Cinema adspend is on an upward trajectory. Torie Henderson, CEO of Omnicom Group Singapore, points out that although cinema attendances were down due to consumers pulling back discretionary spend during the downturn, she has seen minor growth (1.7 per cent) from her research on the top 100 advertisers spending on cinema.
Ashish Bhasin, Asia-Pacific director of Posterscope, has also noticed this growth. “There is certainly a trend forming and advertisers are looking at the cinema with greater interest,” he says. “More data has been made available and cinema chains are waking up to the possibilities and providing the numbers. Cinemas are also becoming more flexible to the type of branding and marketing opportunities they can get into.”
Cinema’s ability to deliver a stable audience makes it relevant and a medium that planners and buyers should readily consider in their media mix, in the opinion of Andreas Vogiatzakis, MD of Omnicom Group Malaysia. But the problem for many media agency executives is that advertisers are not experimenting enough with the medium to leverage its creative capabilities.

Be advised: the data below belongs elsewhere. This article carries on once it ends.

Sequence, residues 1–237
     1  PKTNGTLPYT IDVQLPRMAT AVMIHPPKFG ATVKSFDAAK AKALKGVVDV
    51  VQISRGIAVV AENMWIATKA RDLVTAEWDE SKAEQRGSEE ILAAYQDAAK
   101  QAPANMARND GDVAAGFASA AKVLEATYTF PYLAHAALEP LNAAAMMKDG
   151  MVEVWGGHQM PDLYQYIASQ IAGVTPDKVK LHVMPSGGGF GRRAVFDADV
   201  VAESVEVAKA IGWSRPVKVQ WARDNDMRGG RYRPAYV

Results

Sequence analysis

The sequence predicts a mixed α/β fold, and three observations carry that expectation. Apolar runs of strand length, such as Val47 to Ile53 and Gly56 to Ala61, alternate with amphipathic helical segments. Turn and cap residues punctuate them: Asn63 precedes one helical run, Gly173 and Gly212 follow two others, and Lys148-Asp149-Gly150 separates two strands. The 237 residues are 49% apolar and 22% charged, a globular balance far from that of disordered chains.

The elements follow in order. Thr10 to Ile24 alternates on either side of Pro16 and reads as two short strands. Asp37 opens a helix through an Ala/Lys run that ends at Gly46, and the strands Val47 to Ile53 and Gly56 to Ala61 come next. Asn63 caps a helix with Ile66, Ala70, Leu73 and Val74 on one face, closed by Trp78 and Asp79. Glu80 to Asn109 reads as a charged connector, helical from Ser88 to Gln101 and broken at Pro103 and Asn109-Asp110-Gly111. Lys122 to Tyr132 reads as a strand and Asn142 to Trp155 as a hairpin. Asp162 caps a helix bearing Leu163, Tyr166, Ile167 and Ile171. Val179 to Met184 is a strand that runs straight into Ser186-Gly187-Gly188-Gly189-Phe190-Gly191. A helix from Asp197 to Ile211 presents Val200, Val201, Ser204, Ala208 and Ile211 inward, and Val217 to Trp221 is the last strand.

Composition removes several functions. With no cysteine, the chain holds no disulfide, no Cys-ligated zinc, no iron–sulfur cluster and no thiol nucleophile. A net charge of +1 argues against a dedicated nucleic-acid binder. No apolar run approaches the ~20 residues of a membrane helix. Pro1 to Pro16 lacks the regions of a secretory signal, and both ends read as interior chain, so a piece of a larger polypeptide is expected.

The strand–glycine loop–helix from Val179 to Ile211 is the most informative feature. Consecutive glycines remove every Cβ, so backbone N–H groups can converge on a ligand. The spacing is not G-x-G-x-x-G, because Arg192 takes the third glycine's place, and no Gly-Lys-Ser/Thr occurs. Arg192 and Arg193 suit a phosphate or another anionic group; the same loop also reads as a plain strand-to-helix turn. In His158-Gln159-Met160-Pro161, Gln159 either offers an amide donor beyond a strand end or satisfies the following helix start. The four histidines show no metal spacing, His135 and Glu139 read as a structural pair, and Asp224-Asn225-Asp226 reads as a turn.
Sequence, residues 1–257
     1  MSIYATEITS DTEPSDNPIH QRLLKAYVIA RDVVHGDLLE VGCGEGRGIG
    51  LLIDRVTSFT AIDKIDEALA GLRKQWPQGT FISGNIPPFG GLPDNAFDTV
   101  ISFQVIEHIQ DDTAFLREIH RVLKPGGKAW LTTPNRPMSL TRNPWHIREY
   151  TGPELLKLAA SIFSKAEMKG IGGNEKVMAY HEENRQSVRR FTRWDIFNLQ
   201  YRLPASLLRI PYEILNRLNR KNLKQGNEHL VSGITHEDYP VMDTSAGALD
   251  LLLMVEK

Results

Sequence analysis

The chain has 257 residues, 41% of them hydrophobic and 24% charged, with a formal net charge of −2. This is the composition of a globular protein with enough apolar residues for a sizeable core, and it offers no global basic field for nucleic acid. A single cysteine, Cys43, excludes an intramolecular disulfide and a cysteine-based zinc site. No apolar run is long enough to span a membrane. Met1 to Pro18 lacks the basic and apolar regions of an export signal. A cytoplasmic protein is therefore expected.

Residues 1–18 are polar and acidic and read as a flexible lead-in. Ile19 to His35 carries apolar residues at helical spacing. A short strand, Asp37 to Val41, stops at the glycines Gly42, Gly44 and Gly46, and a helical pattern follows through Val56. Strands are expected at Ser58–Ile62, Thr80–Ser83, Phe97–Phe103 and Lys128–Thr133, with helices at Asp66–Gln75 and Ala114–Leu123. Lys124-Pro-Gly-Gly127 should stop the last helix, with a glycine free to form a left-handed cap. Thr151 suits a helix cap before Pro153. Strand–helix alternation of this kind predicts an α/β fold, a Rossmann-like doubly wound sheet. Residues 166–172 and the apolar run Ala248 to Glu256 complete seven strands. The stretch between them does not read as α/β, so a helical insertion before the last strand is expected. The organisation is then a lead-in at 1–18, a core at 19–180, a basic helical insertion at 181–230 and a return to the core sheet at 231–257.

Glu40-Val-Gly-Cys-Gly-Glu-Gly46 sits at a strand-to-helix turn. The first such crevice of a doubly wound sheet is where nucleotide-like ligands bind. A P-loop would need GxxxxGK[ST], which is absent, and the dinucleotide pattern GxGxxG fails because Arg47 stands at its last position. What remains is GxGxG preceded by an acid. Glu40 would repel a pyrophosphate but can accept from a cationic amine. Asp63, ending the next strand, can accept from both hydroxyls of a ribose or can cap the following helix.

In the year ahead, Jimmy Lim, executive director at Mindshare Singapore, recommends that clients, such as those from the FMCG industry, should consider “tryvertising” to acquaint cinemagoers with their products. “This can be done by putting samples in a special slot in the back of the seats,” he says. “I think advertisers should dial up the interaction by getting the viewers to SMS their data instantly in exchange for gifts or prizes. Advertisers should also take advantage of the waiting areas where viewers gather for a good period before entering the halls. Branded or sponsored spaces and amenities would be great utilities to audiences.”
Henderson agrees that cinema advertising has to revolve around the halls and surrounding spaces such as the ticketing counter, seats and even toilet spaces. “It should be more around the ambient ideas in the cinema hall itself,” she says, pointing to work Omnicom did for the National Council Against Drug Abuse, which partnered with local cinema operators to reach out to youths who were at risk of experimenting with glue sniffing.
Another recent execution was PHD Singapore’s work for the Health Promotion Board to engage and educate male blue-collar HIV sufferers on the dangers of high-risk sexual behaviour. “We produced a low-budget educational vignette and screened it at Yangtze Cinema, a local theatre famed for showing restricted movies and frequented by older, blue-collar males. This sought to captivate the audience and deliver the message in the most effective way,” says Henderson.
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This article was originally published in the 14 January 2010 issue of Media.